The billions in profits announced by TotalEnergies and Shell on Thursday have revived the debate over windfall taxes on the thriving energy giants.
As millions struggle with higher energy bills and inflation, there have been mounting calls for a much bigger tax to be placed on energy companies that have benefitted from price fluctuations.
In Paris, TotalEnergies said surging global oil and gas prices had helped it post a massive jump in profits in the third quarter.
In London meanwhile, British energy giant Shell announced net profit totalling $6.7 billion in the third quarter.
Net profits at TotalEnergies soared 43 percent from the same period last year to $6.6 billion, with record performances for its natural gas and liquefied natural gas (LNG) activities.
The firm has now earned $17.3 billion over the first nine months of the year, more than the $16 billion in profits it posted last year.
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Shell's result Thursday compared with a loss after tax of $447 million in the July-September period last year, the company said.
Flush with cash from revenue surging to almost $100 billion, Shell said it would buy back shares at a cost of $4 billion.
Both sets of results will fuel raging debate over sizable profits by energy firms due to the spike in prices thanks to the Russian invasion of Ukraine.
Pressing the giants
In France, the leftwing opposition is pressing for a windfall tax to help fund measures to protect consumers from energy price hikes.
TotalEnergies has been plagued by strikes in France that have led to petrol shortages at pumps.
"Staff are right to call for a 10-percent wage rise" after TotalEnergies' latest declared profits, tweeted the France Unbowed (LFI) deputy Thomas Portes.
And Patrick Kanner, head of France's socialists in the upper house, the Senate, argued that TotalEnergies should play their part in the "national effort to allow the poorest to deal with the inflationary crisis".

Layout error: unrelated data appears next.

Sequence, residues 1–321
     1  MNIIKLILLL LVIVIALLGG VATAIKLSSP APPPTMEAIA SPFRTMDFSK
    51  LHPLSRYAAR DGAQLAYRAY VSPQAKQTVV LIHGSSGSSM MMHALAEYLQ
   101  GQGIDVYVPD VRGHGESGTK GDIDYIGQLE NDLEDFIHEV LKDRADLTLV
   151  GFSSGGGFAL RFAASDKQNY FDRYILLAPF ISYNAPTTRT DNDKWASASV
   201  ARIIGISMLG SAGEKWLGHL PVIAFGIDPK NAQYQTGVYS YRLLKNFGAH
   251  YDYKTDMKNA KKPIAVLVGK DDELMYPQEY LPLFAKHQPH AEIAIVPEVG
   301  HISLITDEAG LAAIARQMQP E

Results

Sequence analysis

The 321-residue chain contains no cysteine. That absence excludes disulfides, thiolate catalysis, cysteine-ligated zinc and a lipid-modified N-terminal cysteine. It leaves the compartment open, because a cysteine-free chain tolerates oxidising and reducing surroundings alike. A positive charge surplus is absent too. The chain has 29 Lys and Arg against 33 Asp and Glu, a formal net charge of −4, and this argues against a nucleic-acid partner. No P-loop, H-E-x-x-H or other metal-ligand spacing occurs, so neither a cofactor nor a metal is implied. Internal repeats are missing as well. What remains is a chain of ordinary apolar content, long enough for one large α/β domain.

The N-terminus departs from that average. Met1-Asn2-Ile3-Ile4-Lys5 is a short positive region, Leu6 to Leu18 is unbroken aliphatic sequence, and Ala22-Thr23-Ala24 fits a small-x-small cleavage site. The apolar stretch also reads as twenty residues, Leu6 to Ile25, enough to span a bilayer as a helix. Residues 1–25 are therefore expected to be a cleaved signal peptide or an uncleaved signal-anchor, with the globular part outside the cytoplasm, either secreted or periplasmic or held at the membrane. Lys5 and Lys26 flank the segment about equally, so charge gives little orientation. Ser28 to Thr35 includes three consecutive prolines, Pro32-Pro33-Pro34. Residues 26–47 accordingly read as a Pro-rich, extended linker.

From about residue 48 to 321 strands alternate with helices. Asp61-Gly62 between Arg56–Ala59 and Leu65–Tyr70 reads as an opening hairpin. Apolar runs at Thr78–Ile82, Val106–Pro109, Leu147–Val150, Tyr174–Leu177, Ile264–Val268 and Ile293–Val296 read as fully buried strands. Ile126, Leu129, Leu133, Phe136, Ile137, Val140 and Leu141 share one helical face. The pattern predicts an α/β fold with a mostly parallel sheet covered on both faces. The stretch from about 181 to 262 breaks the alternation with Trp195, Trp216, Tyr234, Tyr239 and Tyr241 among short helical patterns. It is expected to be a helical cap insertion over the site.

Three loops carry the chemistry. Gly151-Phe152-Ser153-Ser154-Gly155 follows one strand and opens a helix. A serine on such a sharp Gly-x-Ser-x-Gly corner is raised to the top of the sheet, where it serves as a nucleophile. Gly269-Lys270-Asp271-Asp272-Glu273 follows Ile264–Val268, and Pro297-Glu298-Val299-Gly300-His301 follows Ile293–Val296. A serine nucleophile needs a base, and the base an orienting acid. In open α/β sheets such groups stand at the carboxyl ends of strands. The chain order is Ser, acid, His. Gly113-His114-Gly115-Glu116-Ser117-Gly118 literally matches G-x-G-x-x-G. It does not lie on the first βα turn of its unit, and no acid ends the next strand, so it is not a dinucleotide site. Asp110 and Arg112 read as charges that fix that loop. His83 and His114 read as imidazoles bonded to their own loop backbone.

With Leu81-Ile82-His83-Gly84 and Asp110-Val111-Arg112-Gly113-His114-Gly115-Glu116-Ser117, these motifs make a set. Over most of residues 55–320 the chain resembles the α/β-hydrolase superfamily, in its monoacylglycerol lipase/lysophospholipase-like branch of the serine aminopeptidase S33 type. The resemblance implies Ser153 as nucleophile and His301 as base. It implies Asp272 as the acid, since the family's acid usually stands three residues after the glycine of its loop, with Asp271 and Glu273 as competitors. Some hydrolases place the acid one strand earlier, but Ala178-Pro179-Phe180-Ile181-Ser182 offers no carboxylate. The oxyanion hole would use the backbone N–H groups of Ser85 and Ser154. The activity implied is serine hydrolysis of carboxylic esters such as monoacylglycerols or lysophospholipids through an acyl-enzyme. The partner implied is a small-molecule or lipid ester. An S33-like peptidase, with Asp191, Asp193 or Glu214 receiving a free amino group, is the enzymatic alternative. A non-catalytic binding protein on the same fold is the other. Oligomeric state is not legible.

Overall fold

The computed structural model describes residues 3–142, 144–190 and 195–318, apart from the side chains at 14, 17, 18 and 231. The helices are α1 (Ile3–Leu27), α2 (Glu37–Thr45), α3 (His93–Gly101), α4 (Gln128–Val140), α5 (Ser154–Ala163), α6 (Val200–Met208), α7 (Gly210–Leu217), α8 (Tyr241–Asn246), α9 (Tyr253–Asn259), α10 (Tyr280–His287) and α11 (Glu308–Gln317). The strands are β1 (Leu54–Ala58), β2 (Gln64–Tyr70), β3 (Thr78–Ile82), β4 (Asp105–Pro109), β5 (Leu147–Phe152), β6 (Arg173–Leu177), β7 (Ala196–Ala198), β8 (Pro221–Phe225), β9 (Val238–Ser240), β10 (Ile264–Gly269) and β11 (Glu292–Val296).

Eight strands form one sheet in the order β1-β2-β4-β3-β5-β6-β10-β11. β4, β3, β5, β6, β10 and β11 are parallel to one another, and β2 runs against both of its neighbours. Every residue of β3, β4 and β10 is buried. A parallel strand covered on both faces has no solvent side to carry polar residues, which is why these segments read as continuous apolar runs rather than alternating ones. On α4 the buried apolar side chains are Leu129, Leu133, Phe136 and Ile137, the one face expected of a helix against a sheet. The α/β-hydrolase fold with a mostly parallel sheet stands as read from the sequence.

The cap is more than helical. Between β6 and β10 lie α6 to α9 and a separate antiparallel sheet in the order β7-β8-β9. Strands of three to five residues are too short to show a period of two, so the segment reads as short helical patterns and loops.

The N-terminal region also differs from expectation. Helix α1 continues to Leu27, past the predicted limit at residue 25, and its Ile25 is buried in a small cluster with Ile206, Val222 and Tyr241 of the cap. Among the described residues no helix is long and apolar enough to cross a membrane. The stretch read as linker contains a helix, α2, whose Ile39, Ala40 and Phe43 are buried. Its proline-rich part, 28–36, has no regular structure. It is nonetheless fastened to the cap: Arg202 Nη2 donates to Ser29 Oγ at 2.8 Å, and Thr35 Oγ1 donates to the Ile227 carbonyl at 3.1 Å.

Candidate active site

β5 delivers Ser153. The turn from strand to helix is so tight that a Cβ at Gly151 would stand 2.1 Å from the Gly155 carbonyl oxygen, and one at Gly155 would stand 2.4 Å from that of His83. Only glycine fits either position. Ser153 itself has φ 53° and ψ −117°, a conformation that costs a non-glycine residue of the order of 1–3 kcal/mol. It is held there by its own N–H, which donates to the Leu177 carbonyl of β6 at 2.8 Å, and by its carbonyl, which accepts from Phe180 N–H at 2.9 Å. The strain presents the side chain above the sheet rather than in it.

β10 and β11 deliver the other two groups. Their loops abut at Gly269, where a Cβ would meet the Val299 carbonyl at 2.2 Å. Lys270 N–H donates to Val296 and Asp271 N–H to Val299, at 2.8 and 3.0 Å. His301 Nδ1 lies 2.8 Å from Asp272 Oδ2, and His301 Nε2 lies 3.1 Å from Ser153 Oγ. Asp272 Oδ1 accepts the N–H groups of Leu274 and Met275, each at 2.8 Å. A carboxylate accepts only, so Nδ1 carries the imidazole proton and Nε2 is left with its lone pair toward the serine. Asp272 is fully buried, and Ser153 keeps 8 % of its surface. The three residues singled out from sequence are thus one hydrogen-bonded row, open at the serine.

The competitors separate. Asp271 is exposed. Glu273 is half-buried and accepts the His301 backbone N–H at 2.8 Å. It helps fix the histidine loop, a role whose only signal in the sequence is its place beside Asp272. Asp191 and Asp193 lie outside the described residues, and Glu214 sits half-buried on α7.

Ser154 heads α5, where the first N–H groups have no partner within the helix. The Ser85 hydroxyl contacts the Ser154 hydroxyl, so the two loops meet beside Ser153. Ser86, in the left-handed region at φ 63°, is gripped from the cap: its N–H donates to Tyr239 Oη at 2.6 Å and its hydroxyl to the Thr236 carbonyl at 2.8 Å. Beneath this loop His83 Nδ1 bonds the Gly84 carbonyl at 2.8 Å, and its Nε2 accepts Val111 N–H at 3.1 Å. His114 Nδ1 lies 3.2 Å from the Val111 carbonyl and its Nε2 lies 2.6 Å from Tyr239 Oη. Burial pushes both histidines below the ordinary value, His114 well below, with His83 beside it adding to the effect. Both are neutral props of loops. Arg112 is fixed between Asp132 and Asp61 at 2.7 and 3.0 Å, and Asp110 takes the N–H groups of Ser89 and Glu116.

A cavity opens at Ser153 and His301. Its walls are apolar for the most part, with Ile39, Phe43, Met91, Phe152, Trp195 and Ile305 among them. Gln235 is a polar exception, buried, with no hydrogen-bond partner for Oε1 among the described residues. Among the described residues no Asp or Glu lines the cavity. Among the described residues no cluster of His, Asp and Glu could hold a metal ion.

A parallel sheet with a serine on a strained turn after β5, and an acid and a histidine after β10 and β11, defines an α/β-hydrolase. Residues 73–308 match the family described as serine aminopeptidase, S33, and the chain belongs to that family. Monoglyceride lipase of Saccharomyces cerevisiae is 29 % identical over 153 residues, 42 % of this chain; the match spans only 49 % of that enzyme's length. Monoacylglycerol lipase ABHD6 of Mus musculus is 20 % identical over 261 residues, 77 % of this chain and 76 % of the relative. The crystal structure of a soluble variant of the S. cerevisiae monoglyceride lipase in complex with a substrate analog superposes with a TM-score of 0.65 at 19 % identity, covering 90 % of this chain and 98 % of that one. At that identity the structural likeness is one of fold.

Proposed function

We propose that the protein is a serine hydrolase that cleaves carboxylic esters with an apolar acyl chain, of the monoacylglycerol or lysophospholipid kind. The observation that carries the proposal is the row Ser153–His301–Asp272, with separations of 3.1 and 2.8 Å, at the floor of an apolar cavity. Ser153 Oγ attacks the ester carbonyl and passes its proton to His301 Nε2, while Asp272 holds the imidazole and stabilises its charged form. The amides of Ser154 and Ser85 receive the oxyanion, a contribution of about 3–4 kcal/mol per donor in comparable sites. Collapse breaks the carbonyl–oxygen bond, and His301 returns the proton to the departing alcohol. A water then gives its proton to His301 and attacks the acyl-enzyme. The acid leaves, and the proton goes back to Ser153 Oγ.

President Emmanuel Macron however reiterated his opposition to such a measure in a prime-time television appearance on Wednesday evening.
In Britain, Greenpeace UK made similar arguments about Shell.
"A proper tax on Shell's reported Q3... profits as well as the billions made in Q1 and Q2 by all the fossil fuel giants would already have generated enough cash to insulate thousands of homes," said Greenpeace UK's senior climate advisor Charlie Kronick.
"Responding to the cost-of-living crisis is well within the government's control."
Britain's new prime minister, Rishi Sunak, unveiled a windfall tax on the profits of British energy companies earlier this year when he was finance minister.
But campaigners say it was far too small.
TotalEnergies reached a pay deal with most unions, but one has held out and two refineries remain on strike despite the government forcing some employees back to work under threat of jail time.
The company has also announced it would pay its workers a bonus, "an exceptional one-month-salary bonus in 2022 to all its employees worldwide" it announced Thursday.
Shareholders too will get 35 to 40 percent of cash flow, and a higher interim quarterly dividend than last year.
French Finance Minister Bruno Le Maire welcomed the company's bumper profits, saying it would allow TotalEnergies to maintain its current discounted prices at service stations.
"When a French company succeeds, I think all of us should be satisfied with its success and we should all be proud of having a big energy company like Total," he told BFM Business television.
But France's Multinationals Observatory argued Thursday that TotalEnergies, which they say pays virtually no tax in France, should really pay between 40 and 65 million dollars tax this year.
While oil and gas prices have recently cooled, they are still much higher than before Russia launched its invasion of Ukraine in February.
The war has not been all a boon for TotalEnergies, which was involved in several gas projects in Russia.
It made a new $3.1 billion impairment charge due to its activities there, following write downs worth $7.6 billion in the first two quarters this year.
Despite slower global growth next year, TotalEnergies said it expects a cut of two million barrels per day by the OPEC oil cartel and its allies to support prices, as well as a European ban on Russian oil imports due to go into effect next month.